Dr. Shihaan M. Lariff
The name refers to an exceptional Belle Époque natural grey/brown pearl pendant necklace, that appeared at a Christie's Contemporary Jewelry and Watches Sale, held on April 29, 2008, at Jumeirah Emirates Towers Hotel, in Dubai, the United Arab Emirates, believed to have originated in the year 1900, during the Belle Époque period.
Belle Époque natural grey/brown pearl pendant necklace
The pearl which forms the centerpiece of this pendant necklace is a perfectly symmetrical, natural, drop-shaped pearl. The perfect symmetry of this natural pearl is indeed very stunning, an extremely rare occurrence in nature, where the usual tendency is to form baroque pearls. GIA classifies pearls into three basic shapes - 1) Spherical 2) Symmetrical and 3) Baroque. This natural drop-shaped pearl falls under the second category. Apart from drop-shape other shapes that fall under Symmetrical pearls are pear-shape, oval-shape, button-shape. A Symmetrical pearl has only one line of symmetry through which the pearl can be divided into two equal halves.
The color of the pearl has been described in the Christie's website as grey/brown. However, according to photographs of the pearl, grey color appears to be the main body color of the pearl, and brown color appears to be an overtone color. Thus, this pearl appears to fall under the category of black and grey pearls, produced by the pearl oyster species Pinctada margaritifera. The grey color of these pearls is produced by melanin pigments, secreted by special secretory cells in the mantle. The melanin pigments combine with the protein component of nacre, conchiolin. Overtone colors, that appear to float over the surface of the pearl, are produced by the interference of light as it passes through alternating layers of aragonite and conchiolin. Overtone colors tend to modify the body color of pearls. If brown is an overtone color and grey the body color, the combination of the two colors is known as brownish-grey.
The weight of the pearl is 56.81 carats, which is equivalent to 56.81 x 4 = 227.24 grains. From the table below it is seen, that based on the weight of the pearl, this drop-shaped grey/brown pearl is the 14th largest nacreous pearl recorded, the seventh largest drop-shaped pearl, and the largest colored drop-shaped pearl in the world. It is also the largest and most perfectly symmetrical drop-shaped pearl in the world, as all other six pearls above it are irregular or asymmetrical drop-shaped pearls, except perhaps the "La Regente" Pearl, which is a pear-shaped drop pearl. Likewise, out of the six larger pearls above, only the La Regente Pearl is more attractive than this pearl, whereas all others have signs of distress such as lines caused by drying or staining.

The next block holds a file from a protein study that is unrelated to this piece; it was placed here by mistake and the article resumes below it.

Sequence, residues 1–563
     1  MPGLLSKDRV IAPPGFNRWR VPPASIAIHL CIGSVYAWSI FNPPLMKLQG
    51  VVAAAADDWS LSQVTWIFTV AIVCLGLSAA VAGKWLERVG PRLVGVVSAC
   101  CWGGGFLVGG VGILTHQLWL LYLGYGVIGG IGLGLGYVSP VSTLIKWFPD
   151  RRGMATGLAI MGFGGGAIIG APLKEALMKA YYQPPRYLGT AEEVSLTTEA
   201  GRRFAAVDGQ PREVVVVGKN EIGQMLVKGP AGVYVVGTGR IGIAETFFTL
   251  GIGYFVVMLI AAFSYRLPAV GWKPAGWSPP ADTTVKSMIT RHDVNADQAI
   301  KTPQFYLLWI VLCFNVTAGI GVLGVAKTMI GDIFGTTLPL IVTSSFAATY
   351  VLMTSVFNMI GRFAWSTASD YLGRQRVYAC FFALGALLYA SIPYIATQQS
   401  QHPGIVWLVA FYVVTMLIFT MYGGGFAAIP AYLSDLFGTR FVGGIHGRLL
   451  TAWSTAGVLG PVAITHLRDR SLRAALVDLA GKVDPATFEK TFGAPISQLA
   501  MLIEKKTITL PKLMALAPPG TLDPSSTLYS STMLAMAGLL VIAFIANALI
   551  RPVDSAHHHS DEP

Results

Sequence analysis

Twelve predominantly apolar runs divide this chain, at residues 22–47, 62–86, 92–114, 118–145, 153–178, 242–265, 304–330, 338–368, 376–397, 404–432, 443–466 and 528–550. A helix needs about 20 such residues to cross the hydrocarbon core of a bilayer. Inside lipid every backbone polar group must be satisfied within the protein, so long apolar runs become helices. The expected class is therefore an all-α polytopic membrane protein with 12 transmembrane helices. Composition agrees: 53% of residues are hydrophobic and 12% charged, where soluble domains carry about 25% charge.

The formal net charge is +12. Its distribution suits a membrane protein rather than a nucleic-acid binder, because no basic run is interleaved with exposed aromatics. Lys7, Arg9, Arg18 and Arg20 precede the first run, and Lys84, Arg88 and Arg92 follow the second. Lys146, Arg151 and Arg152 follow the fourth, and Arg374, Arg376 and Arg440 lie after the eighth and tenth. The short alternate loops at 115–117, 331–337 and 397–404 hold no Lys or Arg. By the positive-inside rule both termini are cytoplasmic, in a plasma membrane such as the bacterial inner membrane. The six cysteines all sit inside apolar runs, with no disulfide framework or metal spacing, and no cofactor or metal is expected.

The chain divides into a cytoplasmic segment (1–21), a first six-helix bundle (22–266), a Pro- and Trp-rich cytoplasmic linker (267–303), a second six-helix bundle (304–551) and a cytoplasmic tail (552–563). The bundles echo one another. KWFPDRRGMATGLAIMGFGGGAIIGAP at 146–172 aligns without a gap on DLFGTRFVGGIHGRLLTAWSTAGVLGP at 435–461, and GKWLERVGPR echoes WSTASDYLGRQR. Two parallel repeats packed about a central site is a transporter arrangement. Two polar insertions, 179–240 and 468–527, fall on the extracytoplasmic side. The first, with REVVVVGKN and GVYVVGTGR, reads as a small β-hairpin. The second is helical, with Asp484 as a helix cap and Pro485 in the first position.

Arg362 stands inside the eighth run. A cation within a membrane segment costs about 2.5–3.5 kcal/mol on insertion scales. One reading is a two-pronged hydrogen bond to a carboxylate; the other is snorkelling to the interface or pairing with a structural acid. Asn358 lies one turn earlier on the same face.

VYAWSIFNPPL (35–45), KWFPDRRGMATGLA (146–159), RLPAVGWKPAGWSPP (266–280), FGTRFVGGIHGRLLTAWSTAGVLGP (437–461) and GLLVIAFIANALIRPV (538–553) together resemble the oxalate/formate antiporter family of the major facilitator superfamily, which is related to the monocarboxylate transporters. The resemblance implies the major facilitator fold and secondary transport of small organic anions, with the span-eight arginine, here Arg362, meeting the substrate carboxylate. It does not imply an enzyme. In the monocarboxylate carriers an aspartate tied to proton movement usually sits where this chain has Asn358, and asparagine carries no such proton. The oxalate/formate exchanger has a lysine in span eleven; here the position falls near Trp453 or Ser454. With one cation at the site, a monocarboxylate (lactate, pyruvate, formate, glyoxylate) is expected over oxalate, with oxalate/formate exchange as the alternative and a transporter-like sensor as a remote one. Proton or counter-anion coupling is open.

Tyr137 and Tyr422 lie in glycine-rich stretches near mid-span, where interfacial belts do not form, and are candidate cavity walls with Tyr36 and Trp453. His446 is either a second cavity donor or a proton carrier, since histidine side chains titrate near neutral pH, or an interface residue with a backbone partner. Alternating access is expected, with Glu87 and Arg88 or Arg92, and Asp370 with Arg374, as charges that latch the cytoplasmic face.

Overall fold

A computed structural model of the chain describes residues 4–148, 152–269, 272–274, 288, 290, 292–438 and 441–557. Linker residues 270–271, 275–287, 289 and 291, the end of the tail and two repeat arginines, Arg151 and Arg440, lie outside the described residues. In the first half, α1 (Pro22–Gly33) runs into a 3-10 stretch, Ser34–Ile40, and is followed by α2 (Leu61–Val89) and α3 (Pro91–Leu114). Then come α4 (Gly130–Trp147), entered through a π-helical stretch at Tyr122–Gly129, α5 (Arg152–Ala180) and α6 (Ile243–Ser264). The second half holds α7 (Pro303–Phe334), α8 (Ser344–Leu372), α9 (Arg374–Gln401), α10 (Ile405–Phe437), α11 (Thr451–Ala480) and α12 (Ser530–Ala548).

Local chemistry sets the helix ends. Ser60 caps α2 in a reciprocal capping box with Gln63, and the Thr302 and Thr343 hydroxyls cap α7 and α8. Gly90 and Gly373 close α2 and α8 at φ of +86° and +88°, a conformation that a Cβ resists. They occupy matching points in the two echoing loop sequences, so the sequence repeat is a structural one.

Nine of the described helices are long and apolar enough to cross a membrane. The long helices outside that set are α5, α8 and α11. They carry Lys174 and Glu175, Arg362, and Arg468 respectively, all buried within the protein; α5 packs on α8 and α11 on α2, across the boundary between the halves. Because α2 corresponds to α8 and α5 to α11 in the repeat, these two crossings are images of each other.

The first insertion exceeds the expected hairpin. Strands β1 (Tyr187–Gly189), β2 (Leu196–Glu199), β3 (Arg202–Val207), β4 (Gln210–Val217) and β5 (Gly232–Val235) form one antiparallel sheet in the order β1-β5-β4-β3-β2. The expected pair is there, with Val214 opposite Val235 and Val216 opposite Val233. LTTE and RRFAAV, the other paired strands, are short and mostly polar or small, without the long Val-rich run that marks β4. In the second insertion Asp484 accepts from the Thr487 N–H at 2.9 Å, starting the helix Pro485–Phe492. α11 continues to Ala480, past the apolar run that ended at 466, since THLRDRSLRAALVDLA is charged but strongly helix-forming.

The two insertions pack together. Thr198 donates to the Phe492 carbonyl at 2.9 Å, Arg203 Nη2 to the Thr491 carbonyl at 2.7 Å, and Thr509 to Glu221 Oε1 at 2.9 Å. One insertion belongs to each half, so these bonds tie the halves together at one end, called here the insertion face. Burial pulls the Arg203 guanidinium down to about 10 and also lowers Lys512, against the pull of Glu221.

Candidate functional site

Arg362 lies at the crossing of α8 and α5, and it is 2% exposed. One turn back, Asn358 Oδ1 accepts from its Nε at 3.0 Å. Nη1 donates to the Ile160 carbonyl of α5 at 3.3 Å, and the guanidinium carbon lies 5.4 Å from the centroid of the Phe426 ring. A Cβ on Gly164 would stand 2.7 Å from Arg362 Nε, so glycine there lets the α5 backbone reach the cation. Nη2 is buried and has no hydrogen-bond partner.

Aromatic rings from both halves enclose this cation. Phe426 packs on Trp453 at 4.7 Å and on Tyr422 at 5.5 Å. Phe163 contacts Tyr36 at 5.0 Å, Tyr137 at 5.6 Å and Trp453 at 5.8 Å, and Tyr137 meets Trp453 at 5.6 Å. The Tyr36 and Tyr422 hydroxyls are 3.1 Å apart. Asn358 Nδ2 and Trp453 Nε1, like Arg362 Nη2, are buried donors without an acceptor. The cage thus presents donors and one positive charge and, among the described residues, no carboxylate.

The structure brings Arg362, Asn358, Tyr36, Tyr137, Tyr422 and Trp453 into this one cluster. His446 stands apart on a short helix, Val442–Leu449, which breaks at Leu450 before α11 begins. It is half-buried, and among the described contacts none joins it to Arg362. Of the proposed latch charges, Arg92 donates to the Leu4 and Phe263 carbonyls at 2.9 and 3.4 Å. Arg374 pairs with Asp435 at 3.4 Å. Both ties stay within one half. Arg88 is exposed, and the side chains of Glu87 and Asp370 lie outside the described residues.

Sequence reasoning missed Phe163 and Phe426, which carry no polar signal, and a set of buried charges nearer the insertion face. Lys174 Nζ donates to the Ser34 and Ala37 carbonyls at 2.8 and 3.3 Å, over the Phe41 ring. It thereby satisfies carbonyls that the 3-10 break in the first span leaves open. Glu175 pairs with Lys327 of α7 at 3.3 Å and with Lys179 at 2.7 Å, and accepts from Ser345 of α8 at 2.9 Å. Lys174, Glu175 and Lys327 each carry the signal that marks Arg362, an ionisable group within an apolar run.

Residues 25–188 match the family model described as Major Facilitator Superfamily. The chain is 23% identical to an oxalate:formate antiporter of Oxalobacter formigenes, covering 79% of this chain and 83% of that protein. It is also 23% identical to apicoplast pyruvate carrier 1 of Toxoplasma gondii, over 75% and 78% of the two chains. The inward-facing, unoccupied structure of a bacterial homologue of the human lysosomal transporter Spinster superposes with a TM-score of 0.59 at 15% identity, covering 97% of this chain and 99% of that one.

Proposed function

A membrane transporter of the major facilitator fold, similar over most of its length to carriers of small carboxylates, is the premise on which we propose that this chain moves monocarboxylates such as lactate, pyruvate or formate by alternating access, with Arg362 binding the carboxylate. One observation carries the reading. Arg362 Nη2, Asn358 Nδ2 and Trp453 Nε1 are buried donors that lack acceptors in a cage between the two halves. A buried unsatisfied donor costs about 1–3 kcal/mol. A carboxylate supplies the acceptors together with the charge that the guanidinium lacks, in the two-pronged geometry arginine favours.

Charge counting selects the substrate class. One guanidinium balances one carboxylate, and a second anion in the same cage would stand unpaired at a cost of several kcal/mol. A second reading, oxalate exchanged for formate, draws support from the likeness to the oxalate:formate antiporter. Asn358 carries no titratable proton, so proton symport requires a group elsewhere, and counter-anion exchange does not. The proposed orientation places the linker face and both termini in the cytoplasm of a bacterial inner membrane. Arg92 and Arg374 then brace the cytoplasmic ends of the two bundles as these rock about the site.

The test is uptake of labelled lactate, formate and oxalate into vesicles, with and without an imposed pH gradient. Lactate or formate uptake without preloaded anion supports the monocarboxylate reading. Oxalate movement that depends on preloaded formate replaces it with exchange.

Table of famous nacreous pearls arranged in descending order of weight
|S/N||Name of Pearl||Weight in Carats and Grains||
Shape of Pearl
|Type of Pearl||Color of Pearl|
|1||Pearl of Asia||600 carats, 2,400 grains||Baroque, garden-egg shaped||Saltwater, nacreous pearl||White|
|2||Arco-Valley Pearl||575 carats, 2300 grains||Baroque||Saltwater, nacreous pearl||White|
|3||Big Pink Pearl||470 carats, 1,880 grains||Baroque||Saltwater, nacreous abalone pearl||Pink|
|4||Hope Pearl||450 carats, 1,800 grains||Baroque drop-shaped||Saltwater, nacreous pearl||White|
|5||Christopher Walling Abalone Pearl||187.5 carats, 750 grains||Horn shaped||Saltwater , nacreous pearl||Multi-colored|
|6||Imperial Hong Kong Pearl||127.5 carats, 510 grains||Irregular drop||Saltwater, nacreous pearl||White|
|7||Gogibus Pearl||126 carats, 504 grains||Pear-shaped drop||Saltwater, nacreous pearl||White|
|8||Shah Sofi Pearl||125 carata. 500 graina||Pear-shaped drop||Saltwater, nacreous perl||White|
|9||Survival Pearl||90.35 carats, 361.40 grains||Baroque||Freshwater, nacreous pearl||White|
|10||La Regente||75.67 carats, 302.68 grains||Pear-shaped drop||Saltwater, nacreous pearl||White|
|11||Pearl of Kuwait||64.35 carats, 257.40 grains||Asymmetrical drop-shape||Saltwater, nacreous pearl||White|
|12||Paspaley Pearl||60.94 carats, 243.76 grains||Perfectly spherical||Saltwater, nacreous, cultured pearl||White|
|13||Large natural freshwater nacreous pearl, that appeared at Christie's sale 7664 at Dubai||60.36 carats, 241.44 grains||Near-Spherical||Freshwater nacreous pearl||Yellowish- orange to pinkish-orange|
|14||Natural Grey/Brown Pearl||56.81 carats, 227.24 grains||Symmetrical drop-shape||Saltwater, nacreous pearl||Grey/Brown|